American Collections blog

21 December 2015



Scrapbooking may have been eclipsed by adult colouring books, but as a subject of academic study, they seem to be growing in importance (See for example Jessica Helfand, Scrapbooks: an American History (New Haven: Yale University Press, 2008) or The Scrapbook in American Life (Philadelphia: Temple University Press, 2006)). However, as any avid scrapbooker knows, a decent scrapbook is essential, and a certain amount of consideration has to be given to the bindings or the pages; otherwise, as the pages fill up with cuttings and other scraps, the whole codex starts to bulge in the most unwieldly fashion.

Here's one possible solution. In 1876, Bernard J. Beck patented his 'improvement in scrap-books' (patent 175,327, dated 28 March 1876), and consisted of a scrapbook 'made of one of more thicknesses of paper folded with reverse folds like a fan, but parallel, and having the saw-cuts for the binding-cords corresponding to the saw cuts in the folded sheets, whereby the filling-pieces of the back are prepare for use separately from the sheets, and the two are put together in sewing up the book. By this construction the book is made much stronger than heretofore'.  You'll have got all that, but in case it's a bit opaque, here's his illustration from the patent:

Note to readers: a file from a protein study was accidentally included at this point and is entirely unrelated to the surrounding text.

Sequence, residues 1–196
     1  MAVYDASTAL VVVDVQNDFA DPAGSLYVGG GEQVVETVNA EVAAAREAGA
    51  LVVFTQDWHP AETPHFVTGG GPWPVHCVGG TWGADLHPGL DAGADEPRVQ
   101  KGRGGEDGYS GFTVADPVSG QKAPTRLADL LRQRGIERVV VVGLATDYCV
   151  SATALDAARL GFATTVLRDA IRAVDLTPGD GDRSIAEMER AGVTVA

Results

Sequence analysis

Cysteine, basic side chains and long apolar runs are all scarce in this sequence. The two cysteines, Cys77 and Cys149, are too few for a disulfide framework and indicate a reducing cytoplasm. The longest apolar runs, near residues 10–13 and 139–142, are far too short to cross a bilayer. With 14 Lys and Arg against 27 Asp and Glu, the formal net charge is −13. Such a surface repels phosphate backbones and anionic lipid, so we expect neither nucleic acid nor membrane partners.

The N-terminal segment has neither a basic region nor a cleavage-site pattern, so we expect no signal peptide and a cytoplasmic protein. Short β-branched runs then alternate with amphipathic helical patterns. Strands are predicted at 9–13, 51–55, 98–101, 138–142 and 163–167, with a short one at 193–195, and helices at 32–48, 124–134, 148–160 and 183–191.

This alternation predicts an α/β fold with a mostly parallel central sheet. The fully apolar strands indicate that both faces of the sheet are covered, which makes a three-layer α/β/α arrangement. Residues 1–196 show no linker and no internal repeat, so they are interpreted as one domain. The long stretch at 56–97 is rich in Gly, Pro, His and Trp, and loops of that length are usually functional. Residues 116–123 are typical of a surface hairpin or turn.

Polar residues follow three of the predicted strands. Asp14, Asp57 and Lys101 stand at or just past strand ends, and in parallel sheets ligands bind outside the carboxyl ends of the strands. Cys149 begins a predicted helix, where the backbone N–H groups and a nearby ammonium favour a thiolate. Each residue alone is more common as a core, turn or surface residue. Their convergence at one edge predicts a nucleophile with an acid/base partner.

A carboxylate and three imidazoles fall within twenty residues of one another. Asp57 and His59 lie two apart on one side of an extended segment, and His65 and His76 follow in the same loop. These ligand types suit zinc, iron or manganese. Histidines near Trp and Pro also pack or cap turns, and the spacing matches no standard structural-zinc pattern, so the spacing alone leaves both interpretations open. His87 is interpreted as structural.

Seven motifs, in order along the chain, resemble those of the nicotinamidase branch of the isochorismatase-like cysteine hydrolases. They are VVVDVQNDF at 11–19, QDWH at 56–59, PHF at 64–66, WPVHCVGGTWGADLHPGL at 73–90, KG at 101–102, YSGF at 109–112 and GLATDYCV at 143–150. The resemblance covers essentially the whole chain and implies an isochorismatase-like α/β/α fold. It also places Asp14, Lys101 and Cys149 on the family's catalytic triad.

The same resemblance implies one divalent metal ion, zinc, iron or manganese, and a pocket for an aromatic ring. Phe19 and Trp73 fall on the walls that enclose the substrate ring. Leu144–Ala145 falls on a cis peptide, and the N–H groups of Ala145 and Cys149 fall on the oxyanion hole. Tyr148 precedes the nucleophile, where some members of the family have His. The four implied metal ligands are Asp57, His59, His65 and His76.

Which in the flesh looks like this:


Our copy, which we acquired relatively recently, is still awaiting a bit of conservation.  It's a material example of the popular vogue for collecting among men and women alike, and which offers a worldview into the domestic or personal space of the Victorian era, as well as showing how this overlapped with consumption and print culture. This copy was produced as a salesman's dummy, pre-pasted with some of the wonderful chromolithographs that could be purchased and carefully stuck in, according to theme or interest. 

They could be Christmas-themed:


Or avian:


Or perhaps canine:



Beck wasn't the only one at it, of course. Samuel L. Clemens also patented his 'improved scrap book' in 1873, and went of to produce over fifty varieties, sold sensibly enough as 'Mark Twain Scrapbooks.' 

In contrast, Beck's literary career remains sadly unknown.

Matthew Shaw



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